A variety of explanations have been offered as to why Israel is reluctant to redistribute water resources. The most obvious reason is that doing so would require a change in Israeli lifestyles: no more private swimming pools and green lawns. But the motives go deeper than that, according to Robin Twite, director of the Environment Program for the Jerusalem-based Israeli/Palestine Center for Research and Information, a public-policy think-tank. Twite says Israelis have what he calls a “mythical belief in development.”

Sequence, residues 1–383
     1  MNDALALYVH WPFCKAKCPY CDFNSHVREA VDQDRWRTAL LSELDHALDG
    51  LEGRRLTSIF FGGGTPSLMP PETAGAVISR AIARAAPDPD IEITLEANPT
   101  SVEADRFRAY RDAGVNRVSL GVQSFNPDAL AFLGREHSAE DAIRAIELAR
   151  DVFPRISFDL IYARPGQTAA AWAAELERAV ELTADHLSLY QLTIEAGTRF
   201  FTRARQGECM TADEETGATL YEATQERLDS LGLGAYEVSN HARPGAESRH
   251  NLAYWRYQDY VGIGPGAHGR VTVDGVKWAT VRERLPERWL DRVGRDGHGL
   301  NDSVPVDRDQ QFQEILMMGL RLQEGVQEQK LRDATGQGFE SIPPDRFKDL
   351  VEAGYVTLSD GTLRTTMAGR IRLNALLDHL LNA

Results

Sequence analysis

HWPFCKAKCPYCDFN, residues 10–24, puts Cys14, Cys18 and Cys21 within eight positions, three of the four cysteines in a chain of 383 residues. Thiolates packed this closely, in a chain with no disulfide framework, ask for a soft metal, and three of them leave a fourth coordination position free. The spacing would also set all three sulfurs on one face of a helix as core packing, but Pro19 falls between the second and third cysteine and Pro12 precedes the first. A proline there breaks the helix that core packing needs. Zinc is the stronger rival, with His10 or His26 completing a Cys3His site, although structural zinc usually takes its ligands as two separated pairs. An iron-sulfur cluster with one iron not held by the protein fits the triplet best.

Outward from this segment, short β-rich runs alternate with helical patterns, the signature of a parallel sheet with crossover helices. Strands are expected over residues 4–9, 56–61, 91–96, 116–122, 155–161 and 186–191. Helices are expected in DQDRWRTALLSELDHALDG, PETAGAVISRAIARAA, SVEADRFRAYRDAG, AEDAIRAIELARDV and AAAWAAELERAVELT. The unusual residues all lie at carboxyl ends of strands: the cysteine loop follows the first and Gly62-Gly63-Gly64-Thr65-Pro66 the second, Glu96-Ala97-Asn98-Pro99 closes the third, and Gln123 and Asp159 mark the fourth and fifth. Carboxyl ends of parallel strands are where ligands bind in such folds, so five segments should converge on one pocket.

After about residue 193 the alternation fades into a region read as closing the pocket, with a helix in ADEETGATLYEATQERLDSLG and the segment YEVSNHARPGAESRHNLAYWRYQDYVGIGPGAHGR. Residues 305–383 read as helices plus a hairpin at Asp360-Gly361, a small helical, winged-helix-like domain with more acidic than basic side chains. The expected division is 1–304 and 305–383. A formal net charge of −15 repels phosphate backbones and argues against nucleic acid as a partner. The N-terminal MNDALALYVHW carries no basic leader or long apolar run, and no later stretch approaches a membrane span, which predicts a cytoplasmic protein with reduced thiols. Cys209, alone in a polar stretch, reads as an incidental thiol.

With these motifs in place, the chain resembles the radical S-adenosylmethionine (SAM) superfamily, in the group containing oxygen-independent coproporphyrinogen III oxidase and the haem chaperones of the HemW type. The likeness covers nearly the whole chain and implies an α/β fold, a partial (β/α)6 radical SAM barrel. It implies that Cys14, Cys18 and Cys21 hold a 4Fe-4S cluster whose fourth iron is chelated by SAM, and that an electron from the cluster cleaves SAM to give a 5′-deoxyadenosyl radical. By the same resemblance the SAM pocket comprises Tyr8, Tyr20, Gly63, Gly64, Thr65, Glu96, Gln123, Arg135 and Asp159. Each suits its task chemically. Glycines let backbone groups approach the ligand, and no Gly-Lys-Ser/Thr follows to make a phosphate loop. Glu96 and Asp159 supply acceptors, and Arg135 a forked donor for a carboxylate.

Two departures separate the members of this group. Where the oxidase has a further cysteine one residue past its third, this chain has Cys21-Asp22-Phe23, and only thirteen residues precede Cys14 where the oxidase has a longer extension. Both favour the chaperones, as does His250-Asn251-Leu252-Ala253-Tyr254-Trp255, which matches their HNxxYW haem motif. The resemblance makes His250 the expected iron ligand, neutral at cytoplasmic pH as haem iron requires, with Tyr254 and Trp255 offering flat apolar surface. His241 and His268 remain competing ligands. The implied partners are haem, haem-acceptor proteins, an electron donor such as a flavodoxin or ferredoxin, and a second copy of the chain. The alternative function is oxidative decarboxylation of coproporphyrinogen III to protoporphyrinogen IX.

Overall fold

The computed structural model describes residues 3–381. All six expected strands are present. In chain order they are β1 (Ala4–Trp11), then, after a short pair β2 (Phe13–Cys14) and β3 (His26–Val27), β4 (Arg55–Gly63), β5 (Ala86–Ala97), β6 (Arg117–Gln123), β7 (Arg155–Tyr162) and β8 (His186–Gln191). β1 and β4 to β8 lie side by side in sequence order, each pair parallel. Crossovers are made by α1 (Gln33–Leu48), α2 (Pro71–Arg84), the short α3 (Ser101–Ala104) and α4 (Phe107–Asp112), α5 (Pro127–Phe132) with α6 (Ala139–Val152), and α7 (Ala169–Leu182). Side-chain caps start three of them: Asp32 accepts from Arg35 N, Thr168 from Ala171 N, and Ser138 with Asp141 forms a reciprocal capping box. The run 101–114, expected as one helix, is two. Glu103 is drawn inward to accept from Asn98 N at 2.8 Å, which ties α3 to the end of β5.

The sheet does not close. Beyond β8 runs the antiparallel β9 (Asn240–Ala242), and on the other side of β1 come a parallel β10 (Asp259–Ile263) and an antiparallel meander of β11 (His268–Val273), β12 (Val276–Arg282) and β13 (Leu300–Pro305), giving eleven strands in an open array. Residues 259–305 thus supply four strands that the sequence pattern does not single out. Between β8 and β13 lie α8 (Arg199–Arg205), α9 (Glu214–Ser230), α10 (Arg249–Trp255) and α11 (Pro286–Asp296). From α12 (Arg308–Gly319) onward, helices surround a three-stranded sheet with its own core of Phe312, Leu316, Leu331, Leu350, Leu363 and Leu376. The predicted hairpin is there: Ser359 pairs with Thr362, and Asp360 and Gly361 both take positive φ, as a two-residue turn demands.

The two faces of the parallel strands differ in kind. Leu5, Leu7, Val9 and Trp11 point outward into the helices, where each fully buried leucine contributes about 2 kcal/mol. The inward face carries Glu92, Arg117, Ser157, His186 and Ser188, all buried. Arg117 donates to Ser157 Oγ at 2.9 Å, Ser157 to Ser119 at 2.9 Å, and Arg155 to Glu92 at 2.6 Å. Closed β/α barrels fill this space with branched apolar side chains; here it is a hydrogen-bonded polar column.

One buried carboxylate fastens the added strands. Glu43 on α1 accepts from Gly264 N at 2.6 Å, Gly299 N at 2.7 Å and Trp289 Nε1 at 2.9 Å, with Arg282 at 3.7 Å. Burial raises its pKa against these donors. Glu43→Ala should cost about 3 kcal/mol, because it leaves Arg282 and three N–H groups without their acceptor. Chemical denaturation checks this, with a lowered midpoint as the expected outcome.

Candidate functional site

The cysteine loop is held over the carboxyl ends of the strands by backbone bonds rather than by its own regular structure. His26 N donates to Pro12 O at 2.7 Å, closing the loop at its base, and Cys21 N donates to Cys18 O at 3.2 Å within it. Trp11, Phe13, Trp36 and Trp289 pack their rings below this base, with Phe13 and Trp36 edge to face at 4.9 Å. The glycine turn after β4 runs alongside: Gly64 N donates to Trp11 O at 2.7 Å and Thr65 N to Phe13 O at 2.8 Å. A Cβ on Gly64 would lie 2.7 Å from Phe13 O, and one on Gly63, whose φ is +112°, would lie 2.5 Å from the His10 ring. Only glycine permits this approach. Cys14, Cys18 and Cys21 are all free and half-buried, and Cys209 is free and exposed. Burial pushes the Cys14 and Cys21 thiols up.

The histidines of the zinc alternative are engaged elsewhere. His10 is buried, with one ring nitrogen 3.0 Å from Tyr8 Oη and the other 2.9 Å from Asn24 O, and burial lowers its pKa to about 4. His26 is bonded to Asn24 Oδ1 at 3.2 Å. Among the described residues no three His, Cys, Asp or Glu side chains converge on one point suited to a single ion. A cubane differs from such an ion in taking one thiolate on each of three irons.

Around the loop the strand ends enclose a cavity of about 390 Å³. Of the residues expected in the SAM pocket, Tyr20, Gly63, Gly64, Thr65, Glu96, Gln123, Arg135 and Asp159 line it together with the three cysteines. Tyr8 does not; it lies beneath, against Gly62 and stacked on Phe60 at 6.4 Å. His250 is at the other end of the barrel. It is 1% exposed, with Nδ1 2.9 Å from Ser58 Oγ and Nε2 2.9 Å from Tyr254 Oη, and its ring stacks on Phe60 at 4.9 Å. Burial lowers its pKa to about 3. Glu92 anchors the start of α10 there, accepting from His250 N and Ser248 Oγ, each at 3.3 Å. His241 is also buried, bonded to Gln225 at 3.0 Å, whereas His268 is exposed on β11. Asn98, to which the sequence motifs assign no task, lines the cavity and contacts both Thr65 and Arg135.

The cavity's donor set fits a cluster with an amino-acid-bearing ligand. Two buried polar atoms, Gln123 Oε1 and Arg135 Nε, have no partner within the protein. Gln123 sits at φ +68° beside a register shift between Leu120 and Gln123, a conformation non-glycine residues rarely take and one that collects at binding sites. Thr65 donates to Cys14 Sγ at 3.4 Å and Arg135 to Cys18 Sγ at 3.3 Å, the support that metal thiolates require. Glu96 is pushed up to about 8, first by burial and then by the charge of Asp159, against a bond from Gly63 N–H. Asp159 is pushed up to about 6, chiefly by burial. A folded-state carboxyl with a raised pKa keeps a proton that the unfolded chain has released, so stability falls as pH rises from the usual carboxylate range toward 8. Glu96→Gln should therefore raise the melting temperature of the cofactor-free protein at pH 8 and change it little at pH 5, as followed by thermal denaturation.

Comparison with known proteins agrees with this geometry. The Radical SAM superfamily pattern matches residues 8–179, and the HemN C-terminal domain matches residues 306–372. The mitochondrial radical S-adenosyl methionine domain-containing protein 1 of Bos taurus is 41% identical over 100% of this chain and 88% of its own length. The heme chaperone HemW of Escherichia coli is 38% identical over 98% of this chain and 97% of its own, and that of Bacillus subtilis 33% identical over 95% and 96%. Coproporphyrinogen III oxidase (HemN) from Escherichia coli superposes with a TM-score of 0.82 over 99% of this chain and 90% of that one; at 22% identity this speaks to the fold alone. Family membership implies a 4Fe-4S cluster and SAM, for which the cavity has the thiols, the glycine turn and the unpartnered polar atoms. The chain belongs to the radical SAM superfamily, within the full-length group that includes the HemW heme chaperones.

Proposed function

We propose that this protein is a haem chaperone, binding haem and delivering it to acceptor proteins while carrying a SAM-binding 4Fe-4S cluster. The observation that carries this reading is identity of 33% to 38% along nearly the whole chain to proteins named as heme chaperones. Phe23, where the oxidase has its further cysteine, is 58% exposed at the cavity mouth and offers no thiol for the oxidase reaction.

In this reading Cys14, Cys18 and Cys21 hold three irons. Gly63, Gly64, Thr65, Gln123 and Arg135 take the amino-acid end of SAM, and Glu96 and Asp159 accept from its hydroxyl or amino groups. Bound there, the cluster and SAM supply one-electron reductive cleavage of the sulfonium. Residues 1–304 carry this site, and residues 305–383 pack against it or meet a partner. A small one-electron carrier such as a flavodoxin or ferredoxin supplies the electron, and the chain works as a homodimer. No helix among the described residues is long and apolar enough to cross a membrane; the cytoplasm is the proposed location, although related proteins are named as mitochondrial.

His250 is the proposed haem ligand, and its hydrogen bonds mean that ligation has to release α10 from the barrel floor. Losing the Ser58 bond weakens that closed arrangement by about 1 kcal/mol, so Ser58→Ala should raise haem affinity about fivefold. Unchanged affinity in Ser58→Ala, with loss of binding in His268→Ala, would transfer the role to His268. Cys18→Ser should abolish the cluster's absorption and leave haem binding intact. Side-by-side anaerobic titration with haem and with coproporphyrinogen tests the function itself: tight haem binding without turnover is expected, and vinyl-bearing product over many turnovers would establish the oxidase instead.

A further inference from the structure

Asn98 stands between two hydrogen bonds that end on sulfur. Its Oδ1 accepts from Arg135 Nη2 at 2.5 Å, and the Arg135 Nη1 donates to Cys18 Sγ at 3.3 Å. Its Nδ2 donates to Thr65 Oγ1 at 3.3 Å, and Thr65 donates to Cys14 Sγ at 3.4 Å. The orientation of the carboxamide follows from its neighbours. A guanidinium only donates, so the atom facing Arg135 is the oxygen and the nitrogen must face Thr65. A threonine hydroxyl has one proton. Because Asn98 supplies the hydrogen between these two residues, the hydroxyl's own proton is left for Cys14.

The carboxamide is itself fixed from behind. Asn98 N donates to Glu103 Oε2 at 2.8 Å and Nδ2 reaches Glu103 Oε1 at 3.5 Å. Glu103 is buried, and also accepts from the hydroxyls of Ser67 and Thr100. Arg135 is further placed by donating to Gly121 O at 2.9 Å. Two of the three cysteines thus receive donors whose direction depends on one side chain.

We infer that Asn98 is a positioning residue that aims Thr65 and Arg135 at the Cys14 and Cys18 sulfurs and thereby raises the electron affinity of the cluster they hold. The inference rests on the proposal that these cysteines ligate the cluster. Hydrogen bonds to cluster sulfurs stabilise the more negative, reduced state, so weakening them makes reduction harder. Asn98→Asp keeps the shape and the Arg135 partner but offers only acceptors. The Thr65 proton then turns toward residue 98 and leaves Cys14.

Blood and Water
Part II in a two-part series. Read part I of this series.
“Since first settling the land over 100 years ago, Israelis have never stopped building, developing, and expanding their homes and infrastructure. And the kibbutz, agricultural settlements, and farms hold a special place in Israeli affections. The strive to develop has a momentum of its own and tampering with it could be politically dangerous,” Twite says.
Henry Gold, an engineer and chair of Israel’s Committee for... Read more